Fab Art Deco shops in Lee-on-the-Solent

It became apparent that Lee-on-the-Solent is very bereft of any pubs in that main shopping area and on the seafront. The only one I know of is the Old Ship. I went in here for another drink, and noted that the food prices were more reasonable here although I had already eaten. There didn’t appear to be a gents’ toilet anywhere; they must have hidden it well. There’s no shortage of public WCs along the coast path though, although some of them are probably of a dubious nature.

After Lee-on-Solent, the landscape changes dramatically, and gives way to gravelly heathland, part of the MOD training camp at Browndown. The MOD seems to own half of the Gosport peninsula but this part is open for the public to walk through. The only signs of its military use are the badly-broken remains of concrete walls about 2 metres thick and a large concrete mushroom (which on further inspection was some kind of ventilation shaft).

Browndown beach, MOD-owned land

Onwards to Stokes Bay, familiar territory again and the beach here was fairly popular; not surprising given the weather and making the most of it. After Stokes Bay was Gilkicker Point and rounding this felt like I was onto the home straight. Not far to go now…that was until the coast path came to a very abrubt stop, with a fence topped with rolls of barbed wire going far out into the sea, and no indication of where the path went. I couldn’t be bothered to get the map out of my rucksack so I thought I’d follow the perimeter of the fence until I got back to the sea. This meant going across a golf course and then back onto a very suburban road. This eventually led to the car park I remember next to the prison. I thought the aforementioned fence surrounded the prison but my map says it is ‘Fort Monckton’, the prison being the other side of the car park.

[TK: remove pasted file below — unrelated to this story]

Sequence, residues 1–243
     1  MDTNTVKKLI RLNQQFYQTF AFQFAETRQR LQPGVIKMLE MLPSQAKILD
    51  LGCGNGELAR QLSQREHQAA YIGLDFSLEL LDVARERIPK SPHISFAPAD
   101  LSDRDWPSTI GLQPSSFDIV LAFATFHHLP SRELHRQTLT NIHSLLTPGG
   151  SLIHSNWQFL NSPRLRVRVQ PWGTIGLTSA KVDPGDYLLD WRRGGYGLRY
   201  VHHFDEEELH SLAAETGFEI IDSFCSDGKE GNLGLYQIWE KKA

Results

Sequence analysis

Gilkicker Point
It is rare to see The Solent that blue (near Haslar)!

I continued along the coast path from the prison (now known as an ‘Immigrant Removal Centre’) and passed the large Haslar hospital; not sure whether this has closed yet or not; I know there were plans to close it. It’s very big and very Victorian. After this, the path once again came to an abrubt halt, this time with padlocked gates adorned with razor wire. I had to retrace my steps and eventually found the road between the Haslar hospital on one side and whatever the top-secret Qinetiq site is on the other. I’ve been to Gosport many times but I don’t think I have ever been to that part of it. A sort walk over Haslar Bridge and past those tower blocks with the fab 60s mosaic murals on brought me to Gosport bus station, very weary!


Haslar hospital
Tower blocks in Gosport. These two have became quite an iconic landmark, with their groovy 60s mosaic artwork and rooftop observation decks.